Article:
[]He stood to lose little, whatever happened, but could gain quite a lot. From his discussion with Sir Maigida, the C.A wasn’t money-centric, and even if that was the case, he was sure he would be up to the task. He would inform his wife in the morning, and then place a call to Sir Maigida once he arrived at the office. Satisfied with his decision, he slid down on the bed and pulled on the blanket.
*********
Politics was an all-consuming venture, and this Chief Mike soon found out. To get himself acquainted with the national party hierarchy and get well established in the Congress for Advancement, he had to embark on many trips to attend national meetings. He started working late into the nights as he had required his manager to always forward important files to his house. He would sometimes return from a political meeting and, after a short nap, delve into business matters. He would be on that till his wife slept and would sometimes remain so until Florence would awake in the middle of the night and go pull him into bed. He wondered how older persons like Sir Maigida could manage to so effectively combine politics with business, but gradually got used to it himself. The months sped by and soon it was time for the party primaries.
Florence had been sceptical when he first informed her that he had been promised the governorship slot by the party chairman.

‘I don’t think that will be the case,’ she had told him.

‘But Sir Maigida assured me of it in our first discussion?’
‘Not according to what you told me. He only assured you of his support.’
‘Yea, his support. Sir Maigida wields a lot of influence in the C.A, especially in this state. Whoever he supports already has it.’
Florence had smiled. ‘My dear, this is politics; Sir Maigida must have wooed many other persons with same promise. Are you the only big shot to have joined the party in the past one year?’
He knew she was making sense. He had discovered, after joining, that the C.A had lots of other business executives in their membership. Many of them only operated in the background, appearing neutral in the open world. They would attend dinner parties with the governor one day and the other day be in attendance at the C.A’s inner caucus meetings. He had discovered that he wasn’t going to be as important as he initially felt he would before joining. He had thought he would be the big fish in an opposition party struggling to find its feet, but was surprised to find many others there.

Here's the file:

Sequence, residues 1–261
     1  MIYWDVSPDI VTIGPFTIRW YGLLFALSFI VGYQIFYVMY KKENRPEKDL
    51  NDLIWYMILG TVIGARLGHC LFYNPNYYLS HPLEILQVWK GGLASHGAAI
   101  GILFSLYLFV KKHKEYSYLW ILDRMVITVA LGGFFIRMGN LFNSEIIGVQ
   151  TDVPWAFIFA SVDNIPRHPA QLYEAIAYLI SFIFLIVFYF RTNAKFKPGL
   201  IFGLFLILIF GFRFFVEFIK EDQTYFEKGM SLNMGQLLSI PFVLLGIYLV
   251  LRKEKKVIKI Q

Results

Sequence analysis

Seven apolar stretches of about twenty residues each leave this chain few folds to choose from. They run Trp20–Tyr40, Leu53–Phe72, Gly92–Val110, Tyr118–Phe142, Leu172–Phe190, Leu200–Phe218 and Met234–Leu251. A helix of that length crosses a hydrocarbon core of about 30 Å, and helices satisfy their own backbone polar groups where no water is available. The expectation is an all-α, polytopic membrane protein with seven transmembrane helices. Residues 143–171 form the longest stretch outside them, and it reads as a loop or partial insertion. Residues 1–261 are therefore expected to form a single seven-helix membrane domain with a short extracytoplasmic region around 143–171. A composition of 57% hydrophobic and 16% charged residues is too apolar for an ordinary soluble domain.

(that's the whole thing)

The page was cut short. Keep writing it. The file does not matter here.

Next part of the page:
‘I know there are others, but Sir Maigida did assure me of his total support.’
‘If you are very sure, there’s no problem. I’m only speaking from my little experience in politics.’


He had laughed at her; she had no worthwhile experience to speak of. Did she think the little politics in her group, The Ladies of Hope, equated with real politics?


Chief Mike was surprised at the price of the governorship form. He hadn’t expected it to be so expensive – certainly not that of an opposition party. He purchased it anyway. Three others did too – a Professor and two business executives. He wasn’t pleased by this. The professor, Dele Imonikhe, was easily the most popular amongst them. The man had been in the party for many years and was familiar with all their workings. In fact, he was said to have rejected the chairmanship position because of his political ambition.
‘You can be the party’s consensus candidate,’ said his friend, Chief Obi, when he informed him of his dilemma.
‘Are you sure of that? The other candidates appear very serious about their ambitions.’
‘Yes, but only one of you will eventually emerge. It would be better for them to step down and avoid spending more than to spend more, yet lose out in the primaries.’
‘It is not as easy as you put it; some of them – the professor especially – are seasoned politicians.’
‘This is politics, everyone has a price.’


He had contacted Sir Maigida about this. The elderly man listened to all he had to say, his face expressionless, before responding.


‘In the C.A, we don’t impose candidates. The reason is that many joined us because they felt robbed of their aspirations elsewhere. I will advise you to prepare for the primaries, I can assure you of my support.’
The man was lying! Chief Mike thought. Wasn’t it this same support he had assured him in the first place? He felt deceived, but it was too late to back out.


‘I told you at the onset that I wasn’t a politician, now how do you expect me to scale through the primaries – especially with the likes of Professor Dele Imonikhe contesting?’


‘I will help you,’ said Sir Maigida, ‘but it will cost you something.’ He still maintained an impassive expression.